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Atlantic City Casinos, Local 54 of Unite Here Reach Tentative
5 Year Agreement, Calls for Raises of 28.3% over Five Years
By Jacqueline L. Urgo, The Philadelphia Inquirer
Knight Ridder/Tribune Business News 

ATLANTIC CITY - Nov. 2, 2004 - The month-long strike at seven of this city's casinos by their bartenders, housekeepers and other hotel workers was apparently settled last night with the announcement of a tentative agreement.

The deal came after a session that began at noon and ended after 11 p.m. between Local 54 of Unite Here. The agreement ends a contentious strike that began Oct. 1 and included 24-hour-a-day picket lines, disrupted casino operations, and, on several occasions pickets blocking city streets in massive rallies that were long on civil disobedience.

Local 54 president Robert McDevitt last night said that the solidarity and determination of the membership led to the settlement.

"Our members have achieved the best contract in the history of Local 54 and in the history of the gaming industry," McDevitt said.

The union represents 10,000 striking workers who earn $8 to $10 an hour plus tips. The agreement calls for raises of 28.3 percent over five years.

The tentative agreement is for five years, though the union had held out for a three-year deal to try to bring Atlantic City's casinos' contract-expiration date in line line with that of hotel workers in Las Vegas and other cities where gambling is allowed.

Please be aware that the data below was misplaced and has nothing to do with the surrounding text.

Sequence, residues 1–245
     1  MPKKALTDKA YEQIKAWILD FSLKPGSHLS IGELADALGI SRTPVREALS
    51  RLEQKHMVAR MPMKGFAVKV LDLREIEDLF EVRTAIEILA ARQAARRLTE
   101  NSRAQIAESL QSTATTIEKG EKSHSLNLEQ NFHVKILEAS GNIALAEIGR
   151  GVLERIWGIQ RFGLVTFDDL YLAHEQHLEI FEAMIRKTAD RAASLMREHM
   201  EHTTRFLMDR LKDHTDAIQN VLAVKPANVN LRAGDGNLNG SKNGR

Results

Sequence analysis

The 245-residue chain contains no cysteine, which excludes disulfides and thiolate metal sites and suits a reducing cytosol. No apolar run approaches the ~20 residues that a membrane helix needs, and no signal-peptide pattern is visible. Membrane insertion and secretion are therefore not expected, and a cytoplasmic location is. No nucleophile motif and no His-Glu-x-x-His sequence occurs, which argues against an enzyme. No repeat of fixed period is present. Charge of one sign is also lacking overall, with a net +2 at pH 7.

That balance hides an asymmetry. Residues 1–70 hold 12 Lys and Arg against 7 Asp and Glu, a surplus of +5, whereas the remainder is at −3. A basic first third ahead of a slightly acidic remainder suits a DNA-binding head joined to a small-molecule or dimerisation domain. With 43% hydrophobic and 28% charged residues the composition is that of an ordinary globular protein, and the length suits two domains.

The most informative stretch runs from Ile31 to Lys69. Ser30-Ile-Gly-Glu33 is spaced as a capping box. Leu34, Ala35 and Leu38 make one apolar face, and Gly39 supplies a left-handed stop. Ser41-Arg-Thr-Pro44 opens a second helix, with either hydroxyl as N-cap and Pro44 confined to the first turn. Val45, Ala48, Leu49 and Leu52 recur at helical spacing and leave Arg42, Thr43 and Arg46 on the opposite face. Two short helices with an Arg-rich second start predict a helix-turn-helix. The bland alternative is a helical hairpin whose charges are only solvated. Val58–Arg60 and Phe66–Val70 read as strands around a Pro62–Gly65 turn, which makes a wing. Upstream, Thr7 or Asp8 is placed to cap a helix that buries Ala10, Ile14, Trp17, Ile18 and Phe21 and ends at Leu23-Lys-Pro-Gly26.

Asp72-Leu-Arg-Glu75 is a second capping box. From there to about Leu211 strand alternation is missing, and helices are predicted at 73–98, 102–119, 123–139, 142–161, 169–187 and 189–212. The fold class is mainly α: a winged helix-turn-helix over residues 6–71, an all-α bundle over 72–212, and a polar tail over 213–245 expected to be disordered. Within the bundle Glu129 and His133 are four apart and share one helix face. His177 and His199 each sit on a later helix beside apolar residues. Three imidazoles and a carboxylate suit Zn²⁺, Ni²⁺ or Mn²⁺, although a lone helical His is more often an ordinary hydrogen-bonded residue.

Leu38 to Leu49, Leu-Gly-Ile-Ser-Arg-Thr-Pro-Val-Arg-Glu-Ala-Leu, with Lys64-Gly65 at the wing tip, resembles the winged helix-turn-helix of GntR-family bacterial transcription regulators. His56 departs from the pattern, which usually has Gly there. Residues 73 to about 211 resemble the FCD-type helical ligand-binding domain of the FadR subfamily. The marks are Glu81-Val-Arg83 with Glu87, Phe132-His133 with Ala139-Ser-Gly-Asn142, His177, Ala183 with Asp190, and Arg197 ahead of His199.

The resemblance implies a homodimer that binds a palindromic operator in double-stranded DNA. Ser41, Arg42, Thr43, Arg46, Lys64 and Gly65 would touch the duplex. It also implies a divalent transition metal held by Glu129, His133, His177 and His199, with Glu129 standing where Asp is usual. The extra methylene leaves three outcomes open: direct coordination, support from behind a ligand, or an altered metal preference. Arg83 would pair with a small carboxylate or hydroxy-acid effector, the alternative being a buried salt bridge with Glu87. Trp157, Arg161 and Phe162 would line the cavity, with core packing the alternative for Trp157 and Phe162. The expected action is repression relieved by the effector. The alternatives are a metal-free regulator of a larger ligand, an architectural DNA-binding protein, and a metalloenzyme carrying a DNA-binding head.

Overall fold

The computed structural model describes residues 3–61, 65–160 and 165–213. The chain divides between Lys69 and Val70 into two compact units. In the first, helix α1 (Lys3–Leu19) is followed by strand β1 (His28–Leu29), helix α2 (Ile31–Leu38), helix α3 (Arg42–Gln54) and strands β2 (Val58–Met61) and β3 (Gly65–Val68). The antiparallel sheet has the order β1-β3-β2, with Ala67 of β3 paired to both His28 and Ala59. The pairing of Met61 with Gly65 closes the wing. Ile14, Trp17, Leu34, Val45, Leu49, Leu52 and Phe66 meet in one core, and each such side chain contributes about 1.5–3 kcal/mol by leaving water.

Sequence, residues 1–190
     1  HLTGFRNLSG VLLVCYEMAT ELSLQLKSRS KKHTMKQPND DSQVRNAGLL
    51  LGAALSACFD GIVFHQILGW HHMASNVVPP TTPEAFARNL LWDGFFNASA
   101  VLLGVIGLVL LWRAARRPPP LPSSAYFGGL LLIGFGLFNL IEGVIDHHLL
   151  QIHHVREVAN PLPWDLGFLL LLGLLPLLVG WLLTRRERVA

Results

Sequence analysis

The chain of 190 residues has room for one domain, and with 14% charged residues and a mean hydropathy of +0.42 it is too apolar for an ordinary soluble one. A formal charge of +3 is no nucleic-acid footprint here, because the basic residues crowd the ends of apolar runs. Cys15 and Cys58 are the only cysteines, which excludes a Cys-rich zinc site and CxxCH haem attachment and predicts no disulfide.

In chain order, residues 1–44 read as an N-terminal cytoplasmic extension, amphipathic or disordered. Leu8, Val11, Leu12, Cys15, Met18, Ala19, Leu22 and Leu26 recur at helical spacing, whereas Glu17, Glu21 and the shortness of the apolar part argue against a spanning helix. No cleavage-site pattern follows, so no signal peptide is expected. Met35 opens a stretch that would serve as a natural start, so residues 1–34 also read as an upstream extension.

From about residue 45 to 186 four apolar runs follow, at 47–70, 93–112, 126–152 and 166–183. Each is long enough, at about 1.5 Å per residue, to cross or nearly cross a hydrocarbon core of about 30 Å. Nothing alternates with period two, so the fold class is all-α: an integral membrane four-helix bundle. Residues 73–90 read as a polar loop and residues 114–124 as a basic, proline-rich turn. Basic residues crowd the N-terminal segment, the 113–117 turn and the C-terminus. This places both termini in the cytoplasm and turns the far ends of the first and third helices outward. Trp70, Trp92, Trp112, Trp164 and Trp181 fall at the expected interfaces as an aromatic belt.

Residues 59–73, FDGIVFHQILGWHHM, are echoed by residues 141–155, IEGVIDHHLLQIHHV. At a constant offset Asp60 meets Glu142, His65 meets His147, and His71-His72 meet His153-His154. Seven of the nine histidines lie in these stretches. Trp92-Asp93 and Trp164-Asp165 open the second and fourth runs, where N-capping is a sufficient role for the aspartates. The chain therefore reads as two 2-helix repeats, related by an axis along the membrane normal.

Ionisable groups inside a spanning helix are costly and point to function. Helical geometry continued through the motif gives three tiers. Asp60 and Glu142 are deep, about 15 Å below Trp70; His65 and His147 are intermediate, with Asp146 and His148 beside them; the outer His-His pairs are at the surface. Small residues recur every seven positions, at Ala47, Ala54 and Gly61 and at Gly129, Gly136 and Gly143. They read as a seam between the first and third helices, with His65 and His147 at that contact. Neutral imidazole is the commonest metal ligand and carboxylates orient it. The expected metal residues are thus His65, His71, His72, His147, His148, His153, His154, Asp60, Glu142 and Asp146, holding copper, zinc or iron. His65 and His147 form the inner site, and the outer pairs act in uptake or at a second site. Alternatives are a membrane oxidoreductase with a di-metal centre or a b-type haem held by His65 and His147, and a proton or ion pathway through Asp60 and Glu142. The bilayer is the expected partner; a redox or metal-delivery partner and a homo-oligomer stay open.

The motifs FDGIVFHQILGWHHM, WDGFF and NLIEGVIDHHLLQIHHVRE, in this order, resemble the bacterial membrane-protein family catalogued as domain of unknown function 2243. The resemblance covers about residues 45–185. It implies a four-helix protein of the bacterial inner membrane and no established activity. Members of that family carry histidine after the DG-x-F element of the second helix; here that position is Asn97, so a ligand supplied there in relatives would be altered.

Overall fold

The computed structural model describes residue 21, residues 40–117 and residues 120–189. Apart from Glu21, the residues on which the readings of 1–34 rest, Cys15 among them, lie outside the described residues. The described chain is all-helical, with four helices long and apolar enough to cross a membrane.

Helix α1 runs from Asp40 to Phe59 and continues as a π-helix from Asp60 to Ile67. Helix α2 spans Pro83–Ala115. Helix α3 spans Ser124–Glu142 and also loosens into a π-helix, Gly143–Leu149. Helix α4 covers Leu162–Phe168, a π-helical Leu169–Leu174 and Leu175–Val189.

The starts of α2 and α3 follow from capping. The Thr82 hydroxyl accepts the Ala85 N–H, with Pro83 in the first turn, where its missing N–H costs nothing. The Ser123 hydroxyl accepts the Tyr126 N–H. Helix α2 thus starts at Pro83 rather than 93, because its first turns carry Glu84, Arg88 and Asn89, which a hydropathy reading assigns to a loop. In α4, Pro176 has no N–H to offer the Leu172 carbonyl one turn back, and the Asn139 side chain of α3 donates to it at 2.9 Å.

Representatives of the seven casinos - the Atlantic City Hilton, Bally's Atlantic City, Caesars Atlantic City, Harrah's Atlantic City, Resorts Atlantic City, Showboat Casino-Hotel and the Tropicana Casino Resort - were unavailable early today.

The agreement will be presented to the membership tomorrow, and the workers are expected to return to work Thursday, said McDevitt, adding that he expects it to pass.

Kelly Morell-Duffy, a single mother who works as a cocktail waitress at the Tropicana, said she was looking forward to going back to work and having a "wonderful Thanksgiving."

"We're very, very happy with the contract," Morell-Duffy said. "We got what we wanted, and we feel that we'll be protected the next five years."

Under the agreement, Local 54 members would also receive:

A 28.3 percent increase in the total "economic package" over five years, which includes boosts in wages and pension contributions.

Continuation of fully funded health care, sparing union members from having to contribute to their insurance through payroll deductions.

Protection for their union when a casino changes ownership.

The agreement also calls for all workers to return to their normal shifts and retain their seniority.

This became an issue in bargaining since, according to the union, several hundred workers crossed the picket and returned to work. The casinos have placed the number at more than 1,000.

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(c) 2004, The Philadelphia Inquirer. Distributed by Knight Ridder/Tribune Business News. For information on republishing this content, contact us at (800) 661-2511 (U.S.), (213) 237-4914 (worldwide), fax (213) 237-6515, or e-mail 

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